Rabobank shut out of later spring Classics

Rabobank opened the spring Classics with a bang when Oscar Freire won his third Milan-San Remo, but after that victory the Dutch team faded into relative obscurity as they failed to bring in a single top-ten finish in any of the remaining Classics.

German rider Paul Martens came closest, finishing 11th in the Amstel Gold Race, and Freire was 12th in Gent-Wevelgem.

“We don't forget Oscar's win, but after that it was indeed not good,” said Rabobank technical director Erik Breukink's on Sunday.

The team had looked to Robert Gesink for victory in the Ardennes Classics, but the 23-year-old's chances were foiled by a cold. He finished 23rd in Amstel Gold Race, 15th in the Flèche Wallonne and 16th in Liège-Bastogne-Liège.

“We cannot blame Robert,” Breukink said on the team's website. “He intended to peak this week. Usually he does well wherever he rides.”

The team's other hope was Lars Boom, but the former-Cyclo-cross World Champion proved no match for the 200 kilometre-plus races of the spring. His top finish in the Classics was 77th in the Tour of Flanders. He finished outside the time limit in Paris-Roubaix and did not finish the Amstel Gold Race.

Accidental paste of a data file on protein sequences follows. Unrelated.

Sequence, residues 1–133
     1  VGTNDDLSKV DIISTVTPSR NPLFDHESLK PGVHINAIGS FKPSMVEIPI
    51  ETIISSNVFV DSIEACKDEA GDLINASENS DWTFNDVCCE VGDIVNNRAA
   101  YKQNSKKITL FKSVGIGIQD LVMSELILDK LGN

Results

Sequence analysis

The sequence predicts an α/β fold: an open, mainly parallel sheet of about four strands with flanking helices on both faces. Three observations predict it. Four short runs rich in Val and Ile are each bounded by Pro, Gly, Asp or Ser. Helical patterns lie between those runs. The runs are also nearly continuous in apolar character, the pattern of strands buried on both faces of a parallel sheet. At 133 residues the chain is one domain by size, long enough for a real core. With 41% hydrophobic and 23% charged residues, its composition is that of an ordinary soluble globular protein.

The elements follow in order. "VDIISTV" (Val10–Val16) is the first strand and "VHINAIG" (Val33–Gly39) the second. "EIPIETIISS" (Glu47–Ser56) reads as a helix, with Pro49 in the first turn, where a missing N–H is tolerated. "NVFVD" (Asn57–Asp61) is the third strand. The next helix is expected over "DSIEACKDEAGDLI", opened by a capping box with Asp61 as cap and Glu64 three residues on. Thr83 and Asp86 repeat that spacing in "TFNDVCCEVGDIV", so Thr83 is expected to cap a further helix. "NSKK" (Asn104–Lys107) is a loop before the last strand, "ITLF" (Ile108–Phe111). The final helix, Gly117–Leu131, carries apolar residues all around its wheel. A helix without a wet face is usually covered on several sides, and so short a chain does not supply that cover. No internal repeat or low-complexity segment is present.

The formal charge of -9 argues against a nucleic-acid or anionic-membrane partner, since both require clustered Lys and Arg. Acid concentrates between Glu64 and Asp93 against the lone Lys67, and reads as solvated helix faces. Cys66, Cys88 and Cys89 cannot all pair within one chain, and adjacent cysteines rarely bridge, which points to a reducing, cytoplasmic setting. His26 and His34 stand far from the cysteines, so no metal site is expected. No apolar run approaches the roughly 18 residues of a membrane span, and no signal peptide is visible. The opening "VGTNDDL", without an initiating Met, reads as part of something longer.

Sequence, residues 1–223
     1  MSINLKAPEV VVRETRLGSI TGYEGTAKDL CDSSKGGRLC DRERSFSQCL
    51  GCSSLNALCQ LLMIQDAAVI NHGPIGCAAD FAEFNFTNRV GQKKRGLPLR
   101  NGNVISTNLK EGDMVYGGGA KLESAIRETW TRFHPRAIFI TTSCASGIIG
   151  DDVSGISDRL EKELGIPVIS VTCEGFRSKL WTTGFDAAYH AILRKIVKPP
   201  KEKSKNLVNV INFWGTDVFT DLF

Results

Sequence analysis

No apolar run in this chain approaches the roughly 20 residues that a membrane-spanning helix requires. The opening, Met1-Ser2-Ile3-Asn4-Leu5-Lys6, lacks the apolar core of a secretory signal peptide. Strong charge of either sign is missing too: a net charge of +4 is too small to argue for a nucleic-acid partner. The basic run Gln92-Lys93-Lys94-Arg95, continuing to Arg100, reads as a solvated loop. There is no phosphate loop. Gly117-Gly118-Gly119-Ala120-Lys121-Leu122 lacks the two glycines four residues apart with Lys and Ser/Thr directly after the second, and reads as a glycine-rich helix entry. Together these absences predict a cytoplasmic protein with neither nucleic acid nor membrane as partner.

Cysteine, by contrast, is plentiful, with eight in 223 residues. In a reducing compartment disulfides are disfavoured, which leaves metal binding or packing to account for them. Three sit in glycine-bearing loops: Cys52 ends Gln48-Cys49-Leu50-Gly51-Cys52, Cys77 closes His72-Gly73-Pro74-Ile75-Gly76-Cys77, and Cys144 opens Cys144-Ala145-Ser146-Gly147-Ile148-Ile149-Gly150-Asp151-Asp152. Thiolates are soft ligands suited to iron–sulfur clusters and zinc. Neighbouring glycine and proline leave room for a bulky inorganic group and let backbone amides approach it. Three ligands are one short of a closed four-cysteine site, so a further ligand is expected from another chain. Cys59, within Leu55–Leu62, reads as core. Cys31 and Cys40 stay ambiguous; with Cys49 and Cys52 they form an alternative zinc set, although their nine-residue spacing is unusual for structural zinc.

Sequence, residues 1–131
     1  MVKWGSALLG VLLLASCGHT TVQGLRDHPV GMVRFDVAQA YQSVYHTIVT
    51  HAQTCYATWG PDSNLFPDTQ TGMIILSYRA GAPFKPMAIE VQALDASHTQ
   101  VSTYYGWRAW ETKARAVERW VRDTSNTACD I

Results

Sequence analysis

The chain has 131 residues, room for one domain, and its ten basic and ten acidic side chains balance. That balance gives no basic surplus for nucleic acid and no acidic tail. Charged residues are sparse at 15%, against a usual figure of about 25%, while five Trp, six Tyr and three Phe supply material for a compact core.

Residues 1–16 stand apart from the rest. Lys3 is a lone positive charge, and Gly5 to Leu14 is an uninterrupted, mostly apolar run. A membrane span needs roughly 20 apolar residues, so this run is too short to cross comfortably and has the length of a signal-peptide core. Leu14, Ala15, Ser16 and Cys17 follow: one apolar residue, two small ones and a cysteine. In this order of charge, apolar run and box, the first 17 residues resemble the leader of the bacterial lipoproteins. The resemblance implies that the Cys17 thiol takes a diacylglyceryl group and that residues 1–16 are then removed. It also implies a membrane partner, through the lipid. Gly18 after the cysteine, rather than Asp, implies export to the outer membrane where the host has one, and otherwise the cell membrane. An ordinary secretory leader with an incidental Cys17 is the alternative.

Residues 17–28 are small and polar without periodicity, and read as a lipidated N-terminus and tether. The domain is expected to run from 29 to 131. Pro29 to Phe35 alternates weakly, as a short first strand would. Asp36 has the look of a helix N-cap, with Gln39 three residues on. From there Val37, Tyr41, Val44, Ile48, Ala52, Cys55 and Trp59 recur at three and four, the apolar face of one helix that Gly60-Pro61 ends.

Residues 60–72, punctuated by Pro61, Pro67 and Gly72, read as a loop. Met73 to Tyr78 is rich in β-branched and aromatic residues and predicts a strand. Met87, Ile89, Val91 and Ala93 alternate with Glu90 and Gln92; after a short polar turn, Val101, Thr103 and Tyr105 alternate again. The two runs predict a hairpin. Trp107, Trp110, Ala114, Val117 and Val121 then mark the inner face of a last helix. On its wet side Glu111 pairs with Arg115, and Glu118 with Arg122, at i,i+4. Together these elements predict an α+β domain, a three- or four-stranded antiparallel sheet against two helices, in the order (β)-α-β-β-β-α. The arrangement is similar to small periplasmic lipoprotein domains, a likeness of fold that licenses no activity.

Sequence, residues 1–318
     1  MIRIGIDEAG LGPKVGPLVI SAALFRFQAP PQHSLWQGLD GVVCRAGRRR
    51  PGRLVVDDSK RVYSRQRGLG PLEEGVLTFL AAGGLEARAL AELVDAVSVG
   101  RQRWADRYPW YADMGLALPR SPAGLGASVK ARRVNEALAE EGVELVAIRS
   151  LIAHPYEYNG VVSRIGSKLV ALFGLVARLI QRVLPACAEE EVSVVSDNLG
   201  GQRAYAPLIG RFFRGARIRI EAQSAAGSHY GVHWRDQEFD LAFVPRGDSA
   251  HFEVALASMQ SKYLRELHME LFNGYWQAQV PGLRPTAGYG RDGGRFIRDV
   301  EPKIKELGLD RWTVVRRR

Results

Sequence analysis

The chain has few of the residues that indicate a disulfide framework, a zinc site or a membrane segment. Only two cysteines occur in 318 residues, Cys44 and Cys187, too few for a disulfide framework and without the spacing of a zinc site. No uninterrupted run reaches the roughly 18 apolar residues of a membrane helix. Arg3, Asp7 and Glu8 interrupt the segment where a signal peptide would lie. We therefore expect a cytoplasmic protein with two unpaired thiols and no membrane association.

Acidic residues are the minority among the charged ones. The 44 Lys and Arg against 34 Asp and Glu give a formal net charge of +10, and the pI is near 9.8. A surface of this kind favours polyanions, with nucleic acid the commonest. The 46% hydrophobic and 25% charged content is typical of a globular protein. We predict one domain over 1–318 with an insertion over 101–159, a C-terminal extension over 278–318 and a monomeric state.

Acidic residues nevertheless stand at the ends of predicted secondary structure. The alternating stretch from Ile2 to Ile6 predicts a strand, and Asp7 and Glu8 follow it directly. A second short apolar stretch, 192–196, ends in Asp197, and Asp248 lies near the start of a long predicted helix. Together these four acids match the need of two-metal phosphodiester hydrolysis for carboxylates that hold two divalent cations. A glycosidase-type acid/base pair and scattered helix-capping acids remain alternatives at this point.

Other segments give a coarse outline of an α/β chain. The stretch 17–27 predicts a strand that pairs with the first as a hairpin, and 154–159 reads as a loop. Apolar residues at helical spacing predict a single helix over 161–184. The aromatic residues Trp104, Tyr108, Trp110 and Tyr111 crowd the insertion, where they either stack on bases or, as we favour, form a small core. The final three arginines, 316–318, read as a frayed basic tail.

Looking at the winners of this year's Classics, Breukink recognised a common theme. “All guys with great experience, all at a good age.” In contrast, Gesink and Boom are 23 and 24 years-old, respectively.

“You cannot have all the pressure on the shoulders of one man,” he said. “Of course we want to do better in the Classics. We tried to take the pressure off of Robert.”

Looking to the future, Breukink noted that signing a top rider “would be the easiest option. But that is not an option. Gesink, Boom and the guys have special qualities. They just need time.”

Gesink: "Not good but fighting"

Robert Gesink was done in by a simple cold, which was bad enough to slow him down and prevent him from accomplishing his goals in the Ardennes Week. “If you want to participate in these races, everything must be perfect,” he told the Dutch newspaper De Telegraaf. “I'm not good, but I'm fighting.”

He had hoped for an improvement on Sunday in Liège-Bastogne-Liège, but suffered further misfortune. He crashed on one of the narrow roads that typify the race. “Someone crashed into me. It wasn't too bad.” It was enough, however, to re-open an injury from the Tour of the Basque Country.

Near the end of the race, he finally got into into his own rhythm. “''After La Redoute, it was getting better. I couldn't compete for first place, but I kept on fighting.“

Gesink eventually finished 16th, one place behind teammate Paul Martens and as part of a ten-man group, 1:18 down on race winner Alexandre Vinokourov (Astana).

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